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Procrastination and Impatience

42 Pages Posted: 21 Feb 2008  

Ernesto Reuben

New York University (NYU) - New York University Abu Dhabi; IZA Institute of Labor Economics

Luigi Zingales

University of Chicago - Booth School of Business; National Bureau of Economic Research (NBER); Centre for Economic Policy Research (CEPR)

Paola Sapienza

Northwestern University - Kellogg School of Management - Department of Finance; National Bureau of Economic Research (NBER); Centre for Economic Policy Research (CEPR)

Multiple version iconThere are 4 versions of this paper

Date Written: December 2007

Abstract

There is a large body of literature documenting both a preference for immediacy and a tendency to procrastinate. O'Donoghue and Rabin (1999a,b, 2001) and Choi et al. (2005) model these behaviors as the two faces of the same phenomenon. In this paper, we use a combination of lab, field, and survey evidence to study whether these two types of behavior are indeed linked. To measure immediacy we had subjects choose between a series of smaller-sooner and larger-later rewards. Both rewards were paid with a check in order to control for transaction costs. To measure procrastination we use the subjects' actual behavior in cashing the check and completing tasks on time. Our results lend support to the hypothesis that subjects who have a preference for immediacy are indeed more likely to procrastinate.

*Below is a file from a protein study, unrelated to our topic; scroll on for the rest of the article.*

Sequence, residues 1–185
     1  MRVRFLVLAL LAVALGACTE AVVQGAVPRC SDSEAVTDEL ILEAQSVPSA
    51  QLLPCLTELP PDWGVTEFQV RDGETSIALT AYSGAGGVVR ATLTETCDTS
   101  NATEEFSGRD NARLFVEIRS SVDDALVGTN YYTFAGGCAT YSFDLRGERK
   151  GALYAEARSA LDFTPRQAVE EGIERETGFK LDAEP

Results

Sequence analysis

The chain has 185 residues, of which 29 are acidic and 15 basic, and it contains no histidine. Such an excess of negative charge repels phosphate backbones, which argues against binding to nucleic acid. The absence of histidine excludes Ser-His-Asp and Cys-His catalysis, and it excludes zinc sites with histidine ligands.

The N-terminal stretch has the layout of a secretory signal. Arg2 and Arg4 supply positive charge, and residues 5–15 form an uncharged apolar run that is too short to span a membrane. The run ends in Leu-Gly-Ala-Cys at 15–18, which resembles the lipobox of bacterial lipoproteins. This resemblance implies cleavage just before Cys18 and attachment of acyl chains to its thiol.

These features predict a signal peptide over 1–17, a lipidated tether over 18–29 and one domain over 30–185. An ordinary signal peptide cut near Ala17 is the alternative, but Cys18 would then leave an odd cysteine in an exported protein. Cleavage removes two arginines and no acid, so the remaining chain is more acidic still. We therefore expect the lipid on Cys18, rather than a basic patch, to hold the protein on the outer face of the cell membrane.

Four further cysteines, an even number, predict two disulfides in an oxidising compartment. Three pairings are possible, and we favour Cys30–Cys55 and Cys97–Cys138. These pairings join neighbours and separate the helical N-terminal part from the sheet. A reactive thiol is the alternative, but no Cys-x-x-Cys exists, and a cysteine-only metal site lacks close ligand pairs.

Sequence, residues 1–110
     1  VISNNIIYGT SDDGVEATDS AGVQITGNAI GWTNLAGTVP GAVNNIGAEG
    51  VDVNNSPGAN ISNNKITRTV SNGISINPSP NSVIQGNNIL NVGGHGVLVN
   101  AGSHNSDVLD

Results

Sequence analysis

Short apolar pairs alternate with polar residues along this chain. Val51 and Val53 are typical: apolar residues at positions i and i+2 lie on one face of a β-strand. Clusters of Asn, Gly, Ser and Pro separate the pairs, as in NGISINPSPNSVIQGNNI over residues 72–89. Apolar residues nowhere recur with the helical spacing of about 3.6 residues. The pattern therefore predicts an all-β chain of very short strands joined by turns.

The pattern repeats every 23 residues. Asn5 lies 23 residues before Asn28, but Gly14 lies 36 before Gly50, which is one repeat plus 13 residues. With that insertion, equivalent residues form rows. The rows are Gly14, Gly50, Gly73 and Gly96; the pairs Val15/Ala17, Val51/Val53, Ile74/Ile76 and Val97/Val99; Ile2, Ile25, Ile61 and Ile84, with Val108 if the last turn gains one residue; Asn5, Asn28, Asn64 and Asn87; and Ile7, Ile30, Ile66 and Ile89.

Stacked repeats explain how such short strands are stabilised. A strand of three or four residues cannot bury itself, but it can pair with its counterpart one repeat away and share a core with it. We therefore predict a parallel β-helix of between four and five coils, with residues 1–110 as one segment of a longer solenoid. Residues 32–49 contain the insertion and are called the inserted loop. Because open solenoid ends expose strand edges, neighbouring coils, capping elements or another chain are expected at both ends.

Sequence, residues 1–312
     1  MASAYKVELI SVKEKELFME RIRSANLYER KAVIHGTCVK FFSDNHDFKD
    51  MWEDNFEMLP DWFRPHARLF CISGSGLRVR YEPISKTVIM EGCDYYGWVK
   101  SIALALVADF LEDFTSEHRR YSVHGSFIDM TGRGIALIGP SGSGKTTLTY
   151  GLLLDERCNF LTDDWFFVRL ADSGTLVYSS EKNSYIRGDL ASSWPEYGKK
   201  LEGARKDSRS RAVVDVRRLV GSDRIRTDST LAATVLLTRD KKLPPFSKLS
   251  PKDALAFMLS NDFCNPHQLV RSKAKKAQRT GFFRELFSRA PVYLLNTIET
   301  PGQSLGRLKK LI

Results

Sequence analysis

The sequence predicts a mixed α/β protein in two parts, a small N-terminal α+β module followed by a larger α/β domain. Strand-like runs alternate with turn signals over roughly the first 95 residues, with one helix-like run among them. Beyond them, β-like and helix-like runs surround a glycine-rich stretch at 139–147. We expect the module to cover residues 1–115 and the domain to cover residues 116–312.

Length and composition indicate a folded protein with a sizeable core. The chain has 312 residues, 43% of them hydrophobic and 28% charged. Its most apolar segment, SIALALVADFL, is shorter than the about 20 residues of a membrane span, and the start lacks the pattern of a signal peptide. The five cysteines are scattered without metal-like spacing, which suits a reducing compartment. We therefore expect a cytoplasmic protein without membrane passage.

Suggested Citation

Reuben, Ernesto and Zingales, Luigi and Sapienza, Paola, Procrastination and Impatience (December 2007). NBER Working Paper No. w13713. Available at SSRN: https://ssrn.com/abstract=1096177

Ernesto Reuben

New York University (NYU) - New York University Abu Dhabi ( email )

PO Box 129188
Abu Dhabi
United Arab Emirates

IZA Institute of Labor Economics

P.O. Box 7240
Bonn, D-53072
Germany

Luigi Zingales (Contact Author)

University of Chicago - Booth School of Business ( email )

5807 S. Woodlawn Avenue
Chicago, IL 60637
United States
773-702-3196 (Phone)
773-834-2081 (Fax)

National Bureau of Economic Research (NBER)

1050 Massachusetts Avenue
Cambridge, MA 02138
United States

Centre for Economic Policy Research (CEPR)

77 Bastwick Street
London, EC1V 3PZ
United Kingdom

Paola Sapienza

Northwestern University - Kellogg School of Management - Department of Finance ( email )

Evanston, IL 60208
United States
847-491-7436 (Phone)
847-491-5719 (Fax)

National Bureau of Economic Research (NBER)

1050 Massachusetts Avenue
Cambridge, MA 02138
United States

Centre for Economic Policy Research (CEPR)

77 Bastwick Street
London, EC1V 3PZ
United Kingdom

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